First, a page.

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You can never have too much choice

You can never have too much choice

It’s trendy to say choice overload is making us ill. It’s also cobblers.

This summer at TED Global in Edinburgh, a lively networking conference, there was a talk on one of the true and terrible scourges of the modern world. This is a bit of a theme for TED. The same scourge was bravely but mercilessly exposed at TED Global three years ago in Oxford and nine years ago at the ur-TED itself in California. All three talks went down well with the hip folk who attend TED meetings. They nodded in agreement that this scourge must end, and soon.

The scourge in question? The thing that deserved as prominent a castigation as disease and poverty and tyranny? Too much choice. Yes, the pressing and urgent issue we face is that when we enter a supermarket, we find tens of brands of cereal and it is making us – wait for it – anxious. Oh woe.

This was Renata Salecl’s lament this year, as summarised on the TED website: ‘In our post-industrial capitalist age, choice, freedom and self have been elevated into an ideal – the ideal. But the flipside are [sic] increased feelings of anxiety, guilt and inadequacy at facing the possibility of not “making it” –  that is, not reaching the ideal… Ultimately this has made us unable to move toward social change; our abundance of choices has made us politically passive.’

This was Sheena Iyengar’s lament three years ago, also from the TED website: ‘Instead of making better choices, we become overwhelmed by choice, sometimes even afraid of it. Choice no longer offers opportunities, but imposes constraints. It’s not a marker of liberation, but of suffocation by meaningless minutiae.’

This was how TED summarised Barry Schwartz’s lament in 2004: ‘Infinite choice is paralysing and exhausting to the human psyche. It leads us to set unreasonably high expectations, question our choices before we even make them and blame our failures entirely on ourselves. His relatable examples, from consumer products (jeans, TVs, salad dressings) to lifestyle choices (where to live, what job to take, who and when to marry), underscore this central point: too much choice undermines happiness.

Now, I don’t know about you, but last time I was offered blue-cheese, Ranch, French or thousand-island dressing for my salad, I don’t remember having a panic attack, or even needing therapy at all. I don’t generally find my heartbeat racing or my palms sweating as I contemplate the rows of different brands of toothpaste on the shelves. And I am rather relieved at having been allowed the choice of whom to marry. There are poor teenagers in Indian villages who have none of these choices: I do not envy them.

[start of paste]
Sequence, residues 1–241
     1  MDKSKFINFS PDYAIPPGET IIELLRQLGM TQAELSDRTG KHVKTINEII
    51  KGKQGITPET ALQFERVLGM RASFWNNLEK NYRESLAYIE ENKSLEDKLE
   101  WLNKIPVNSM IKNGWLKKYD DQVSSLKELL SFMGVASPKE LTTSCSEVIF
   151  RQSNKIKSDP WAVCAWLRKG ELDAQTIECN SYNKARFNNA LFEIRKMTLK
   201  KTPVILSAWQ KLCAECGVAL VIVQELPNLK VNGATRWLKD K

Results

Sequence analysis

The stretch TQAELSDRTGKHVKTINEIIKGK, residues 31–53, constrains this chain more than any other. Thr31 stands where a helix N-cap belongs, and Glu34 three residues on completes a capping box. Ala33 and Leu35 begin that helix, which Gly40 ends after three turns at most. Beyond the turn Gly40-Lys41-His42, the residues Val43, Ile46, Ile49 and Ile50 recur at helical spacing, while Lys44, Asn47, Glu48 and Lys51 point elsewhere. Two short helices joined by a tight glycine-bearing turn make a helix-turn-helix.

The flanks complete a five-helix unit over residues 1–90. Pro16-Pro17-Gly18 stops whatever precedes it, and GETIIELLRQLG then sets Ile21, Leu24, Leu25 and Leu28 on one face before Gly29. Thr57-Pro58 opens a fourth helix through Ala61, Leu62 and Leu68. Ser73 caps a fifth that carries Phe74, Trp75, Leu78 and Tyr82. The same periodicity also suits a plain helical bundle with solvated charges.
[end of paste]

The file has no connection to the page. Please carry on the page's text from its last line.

What examples do these choice-busters bring forward for their strange hypothesis that choice brings misery? Soon after communism collapsed, Iyengar invited a group of Russians to an experiment and offered them seven kinds of fizzy drink. They were unimpressed: ‘Again and again, they perceived these seven different sodas, not as seven choices, but as one choice: soda or no soda.’ Good on them, say I.

Yet from this she draws the following conclusion: ‘For Eastern Europeans, the sudden availability of all these consumer products on the marketplace was a deluge. They were flooded with choice before they could protest that they didn’t know how to swim.’ Again, I am no expert on this, but I’d say post-Soviet corruption and pollution, coupled with kleptocratic tyrants, come slightly higher up the list of challenges facing Russians than the horror of not being bothered about the difference between Coca-Cola and Pepsi Cola.

Iyengar cites another example: when the decision to switch off life support for a child has to be taken, American parents – who are generally given the decision to take themselves – end up slightly unhappier than French parents, for whom the choice is taken by doctors. I am sorry but I find it almost offensive to see this desperately unhappy, and thankfully rare, dilemma used to buttress a political argument either way.

In any case, there is some actual evidence. A few years ago, Benjamin Scheibehenne and his colleagues published a paper entitled ‘Can There Ever Be Too Many Options? A Meta-Analytic Review of Choice Overload’. Being a meta-analysis (a study of studies), the paper was able to check whether individual studies were typical or fortuitous. Its conclusion, after analysing 50 experiments, was that there was a ‘mean-effect size of virtually zero’ in the effect of great choice on motivation or satisfaction. In short, choice does not cause anxiety after all.

Matt Ridley, is a scientist, columnist and author. His most recent book, The Rational Optimist: How Prosperity Evolves, is published by Fourth Estate. (Buy this book from Amazon(UK).)

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